Without Googling, where would you say the world’s largest Passover seder is frequently held?
Jerusalem? Florida? Brooklyn?
Try Kathmandu, Nepal — because of all of the Jewish tourists to the East seeking new spiritual experiences.
There is a reason why Jeffery Miller became Lama Surya Das, why Dr. Richard Alpert became Ram Dass, and why both the late Adam MCA Yauch of Beastie Boys and Leonard Cohen both sought out spiritual paths in Buddhism. These are spiritually hungry Jews who had been failed by modern stagnant Judaism.
Far too often, more and more Jews report less reverence in synagogues and more of a spark of spirituality out on a hike through the woods. While ashrams, gurdwaras, and Buddhist temples are filled with Jews thirsting for a taste of the Divine, synagogues in their neighborhoods are having trouble making a minyan if theres not a chag or a bar or bat mitzvah.
Jewish congregations are becoming less of a place of a place where Holy One’s glory abides and more an extremely interactive museum to Judaism that mostly old men attend weekly out of habit. One of the main issues is that we, as a society, are becoming afraid of the elephant in the room — aka: God.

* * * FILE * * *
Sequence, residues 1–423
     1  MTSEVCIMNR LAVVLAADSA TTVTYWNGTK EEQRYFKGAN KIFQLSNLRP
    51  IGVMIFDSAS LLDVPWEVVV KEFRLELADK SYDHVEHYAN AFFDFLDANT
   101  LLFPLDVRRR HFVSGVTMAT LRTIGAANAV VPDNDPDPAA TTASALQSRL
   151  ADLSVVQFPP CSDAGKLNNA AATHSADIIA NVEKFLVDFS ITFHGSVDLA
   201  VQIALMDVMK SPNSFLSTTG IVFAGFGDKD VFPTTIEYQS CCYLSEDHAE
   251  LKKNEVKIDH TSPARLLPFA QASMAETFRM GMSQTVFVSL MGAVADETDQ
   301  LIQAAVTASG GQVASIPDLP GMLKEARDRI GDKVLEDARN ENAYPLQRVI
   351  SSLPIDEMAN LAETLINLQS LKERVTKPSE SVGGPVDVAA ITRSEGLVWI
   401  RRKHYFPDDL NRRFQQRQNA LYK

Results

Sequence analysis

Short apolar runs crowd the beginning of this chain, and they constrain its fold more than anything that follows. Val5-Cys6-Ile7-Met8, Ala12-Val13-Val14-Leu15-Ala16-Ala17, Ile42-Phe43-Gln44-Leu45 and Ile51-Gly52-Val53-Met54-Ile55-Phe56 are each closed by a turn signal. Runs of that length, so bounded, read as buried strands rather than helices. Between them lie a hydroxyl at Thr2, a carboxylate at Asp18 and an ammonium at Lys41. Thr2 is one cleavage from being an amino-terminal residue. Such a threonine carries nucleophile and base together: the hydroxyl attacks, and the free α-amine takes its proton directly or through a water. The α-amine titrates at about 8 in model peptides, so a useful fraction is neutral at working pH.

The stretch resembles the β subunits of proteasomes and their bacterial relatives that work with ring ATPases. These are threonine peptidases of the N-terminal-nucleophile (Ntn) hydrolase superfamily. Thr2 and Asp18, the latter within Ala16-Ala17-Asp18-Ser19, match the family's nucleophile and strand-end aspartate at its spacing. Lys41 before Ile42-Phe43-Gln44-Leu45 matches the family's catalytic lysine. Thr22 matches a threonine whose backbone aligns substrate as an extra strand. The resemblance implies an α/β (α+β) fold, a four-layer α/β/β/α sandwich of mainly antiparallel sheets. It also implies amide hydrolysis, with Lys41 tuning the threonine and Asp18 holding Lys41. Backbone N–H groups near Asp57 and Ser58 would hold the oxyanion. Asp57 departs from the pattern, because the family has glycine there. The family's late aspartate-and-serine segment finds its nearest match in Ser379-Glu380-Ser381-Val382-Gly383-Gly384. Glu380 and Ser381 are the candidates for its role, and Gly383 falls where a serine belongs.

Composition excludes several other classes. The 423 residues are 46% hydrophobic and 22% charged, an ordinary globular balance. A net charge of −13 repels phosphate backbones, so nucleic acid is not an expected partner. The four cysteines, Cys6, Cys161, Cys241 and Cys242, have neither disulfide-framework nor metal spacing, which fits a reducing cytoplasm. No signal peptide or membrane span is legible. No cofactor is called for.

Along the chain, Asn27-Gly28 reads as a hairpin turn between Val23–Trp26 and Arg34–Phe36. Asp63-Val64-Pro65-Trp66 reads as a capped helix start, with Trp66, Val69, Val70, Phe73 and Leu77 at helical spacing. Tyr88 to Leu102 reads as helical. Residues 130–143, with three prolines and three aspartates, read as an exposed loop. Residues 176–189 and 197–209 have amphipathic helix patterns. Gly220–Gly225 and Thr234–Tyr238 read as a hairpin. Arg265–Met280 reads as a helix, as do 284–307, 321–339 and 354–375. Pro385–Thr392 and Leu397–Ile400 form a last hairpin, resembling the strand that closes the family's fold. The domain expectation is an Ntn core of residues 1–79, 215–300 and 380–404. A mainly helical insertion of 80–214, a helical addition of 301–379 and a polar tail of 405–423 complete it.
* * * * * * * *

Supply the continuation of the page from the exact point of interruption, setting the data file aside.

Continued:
The modern synagogue has come to feel more like a country club than a center for spiritual nourishment. They have become fraught with committee politics when they should be centers of actively working out ones personal relationship with the Creator of the Universe. Less drama more kavanah.
A younger enthusiastic rabbi I know summed up the dilemma during a parent-teacher conference with the Rosh Yeshiva of his friends school.
“So, how is my sons study of Chumash going?”
“And Talmud? Mishnah and Gemara?”
“He’s an exceptional student.”
“And his tefillah?”
“Yes, he prays regularly.”
“Well, of course, but I meant his kavanah. Do you think he has a good relationship with HaShem? Are they close?”
Sir, this isnt a hasidish yeshiva. We dont discuss each others personal spiritual relationships like that.”
“At this point, he turned to those whom he was telling this story.
“What? This is a yeshiva, right? Why am I even sending him here if not help him strengthen his kavanah and relationship with the Almighty? Why are they not giving him the tools he needs to better love HaShem every single day?”
Before another Jews feels the need to venture outside of their own Judaism to find the Divine, we need to invite God back into the building.
If you feel far from God, it wasn’t God that moved. Rabbi Yom Tov Glaser